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Discussion Starter #1
Flipping through Ben Fergison's site I saw this pict from a Venezuelan 60 down there:



I also know of a few other 60s that have the black hood, Henry C's princess, Kirk Issacson's 60 which is forale (sorry, couldn't find the site), James Asti's (at least used to), and I'm sure there are some others. It's a pretty cool looking scheme in my opinion. I'm wondering what the origin of it is. Did Henry C. start it and the rest are shameless theives? :D
 

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Chubby Chaser
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I "believe" that started with early expedition vehicles (mostly Rovers) to cut down on glare off the hood. Of course I could be fully talking out my azz right now ;)
 

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Mustard Dog said:
I "believe" that started with early expedition vehicles (mostly Rovers) to cut down on glare off the hood. Of course I could be fully talking out my azz right now ;)
I heard the same explaination for the Baja Bronco's of the 60's.

and no I am not talking out of MD's ass....:flipoff2:
 

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Correct that it started to cut glare, but many of the US ones were done to repaint the hood as the paint would wear from the engine heat.

Great/cheap way to make the hood look right and add the safari look at the same time.

Many of the pristine 60 Series, especially the ones from a strong sun environment have faded paint on the hood - especially the beige/champagne metallic and silver metallic.

Jim
 

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I am amazed at the tires those guys run down there, so skinny, stability must not be important.
 

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Discussion Starter #7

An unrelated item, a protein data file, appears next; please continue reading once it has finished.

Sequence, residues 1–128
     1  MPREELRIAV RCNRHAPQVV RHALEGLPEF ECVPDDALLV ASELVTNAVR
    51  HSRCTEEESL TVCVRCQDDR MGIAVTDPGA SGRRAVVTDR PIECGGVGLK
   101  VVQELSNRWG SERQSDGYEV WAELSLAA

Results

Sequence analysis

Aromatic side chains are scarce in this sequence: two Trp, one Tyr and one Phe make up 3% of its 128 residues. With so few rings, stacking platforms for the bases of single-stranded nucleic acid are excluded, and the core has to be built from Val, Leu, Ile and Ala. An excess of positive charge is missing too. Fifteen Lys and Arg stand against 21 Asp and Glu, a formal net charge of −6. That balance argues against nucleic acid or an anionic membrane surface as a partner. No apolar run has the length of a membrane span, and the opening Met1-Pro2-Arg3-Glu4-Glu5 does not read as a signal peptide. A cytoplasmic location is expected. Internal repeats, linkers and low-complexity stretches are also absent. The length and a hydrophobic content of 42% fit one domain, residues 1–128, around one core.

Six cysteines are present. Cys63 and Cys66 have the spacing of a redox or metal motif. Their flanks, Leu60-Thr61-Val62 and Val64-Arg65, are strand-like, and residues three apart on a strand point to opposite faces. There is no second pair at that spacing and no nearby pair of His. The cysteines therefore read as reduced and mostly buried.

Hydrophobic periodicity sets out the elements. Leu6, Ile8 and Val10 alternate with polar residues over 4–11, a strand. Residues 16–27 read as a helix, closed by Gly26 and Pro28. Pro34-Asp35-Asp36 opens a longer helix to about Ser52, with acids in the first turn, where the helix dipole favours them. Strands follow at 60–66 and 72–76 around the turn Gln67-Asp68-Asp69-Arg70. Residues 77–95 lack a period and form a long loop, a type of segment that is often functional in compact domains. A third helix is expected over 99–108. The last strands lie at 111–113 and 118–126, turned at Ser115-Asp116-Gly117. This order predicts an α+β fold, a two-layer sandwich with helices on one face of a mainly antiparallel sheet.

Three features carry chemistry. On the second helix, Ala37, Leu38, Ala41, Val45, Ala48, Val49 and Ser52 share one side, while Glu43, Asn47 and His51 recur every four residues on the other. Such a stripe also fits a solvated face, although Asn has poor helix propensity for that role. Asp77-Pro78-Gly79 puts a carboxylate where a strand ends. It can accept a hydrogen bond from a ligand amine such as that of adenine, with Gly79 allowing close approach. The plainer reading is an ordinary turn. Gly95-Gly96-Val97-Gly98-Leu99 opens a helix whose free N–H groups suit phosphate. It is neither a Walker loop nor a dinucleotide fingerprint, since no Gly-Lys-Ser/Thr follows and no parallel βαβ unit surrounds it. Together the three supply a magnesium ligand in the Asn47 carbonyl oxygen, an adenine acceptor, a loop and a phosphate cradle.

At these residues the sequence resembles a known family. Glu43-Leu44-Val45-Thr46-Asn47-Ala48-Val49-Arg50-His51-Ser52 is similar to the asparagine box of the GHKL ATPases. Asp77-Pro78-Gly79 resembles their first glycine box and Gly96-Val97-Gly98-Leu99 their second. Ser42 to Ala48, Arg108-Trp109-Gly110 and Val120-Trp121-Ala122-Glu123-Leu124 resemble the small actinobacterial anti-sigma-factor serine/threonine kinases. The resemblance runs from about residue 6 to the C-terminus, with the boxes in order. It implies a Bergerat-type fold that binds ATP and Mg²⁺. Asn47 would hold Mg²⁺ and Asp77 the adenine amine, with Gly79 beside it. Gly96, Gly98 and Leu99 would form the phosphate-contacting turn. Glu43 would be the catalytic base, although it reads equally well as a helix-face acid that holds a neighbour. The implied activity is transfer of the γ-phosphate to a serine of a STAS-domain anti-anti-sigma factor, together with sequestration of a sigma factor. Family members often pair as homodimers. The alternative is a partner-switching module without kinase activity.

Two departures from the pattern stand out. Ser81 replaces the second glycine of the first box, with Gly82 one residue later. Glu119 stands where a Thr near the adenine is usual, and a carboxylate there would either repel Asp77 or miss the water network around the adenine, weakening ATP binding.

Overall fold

It's a matter of terrain. This is why skinny tires are much more popular in the East. They can chomp through deep mud and sticks and moist non rock environments. Likewise, you air down much less. I loved my 34 x 9.5 Swampers out east, but would probably not be a fan out here. Also, skinny tires can increase your overdrive while making very little difference with milage.
 

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In Venezuela *most* serious expedition rigs have blacked out hoods (flat paint or satin finish, not glossy like I've seen on some poseur rigs) to cut some of the glare from roof rack mounted lights. Since you can drive long distances with the rack lights on, it starts being a PITA.

Dunno who started it in the Cruiser world but I am *definitely* not taking credit for it, my father's 1969 FJ45 troopie had a blacked out hood and so did his brother's 1967 FJ45 LWB, both bought NEW. In the US I'd already seen a few trucks, Land Rovers, before I did mine, but it was definitely not an original idea of mine. I painted mine in the fall of 1996, mostly because I liked the way it looked (didn't have the roof rack then) and partly because my OEM paint was baked and in need of attention.

As for the skinny tires, it's really the result of many different factors; for one, 90% of wheeling done in Venezuela is expedition-style, with very heavily-loaded Land Cruisers running long distances on dirt roads and rough double tracks. There is very little off-camber and very little rock-crawling, so side-stability is not a TOP concern. Second, those rough double tracks tend to get very deep from water runoff, and differential clearance becomes an issue. When I first brought the Princess to the US people used to make fun of the neatly polished underside of my differentials, the result of running double tracks with smallish tires. Finally, and perhaps more importantly, big tires are VERY expensive in Venezuela, as most are imported, with Interco tires costing 3 and sometimes 4 times what they cost here. Availability in the outback is also VERY sketchy, so if you break down in San Fernando de Atabapo with two blown 36" Swamper SSR's, you either limp back to civilization with different tires or wait a couple of months to get replacements shipped from the US (assuming they even make it through customs). Thus, most people tend to run what's available, and for expedition use, it was tough to beat the old 9.00R16 military treads. They were decent in mud, gave good clearance, and above all, were made in Venezuela and therefore CHEAP.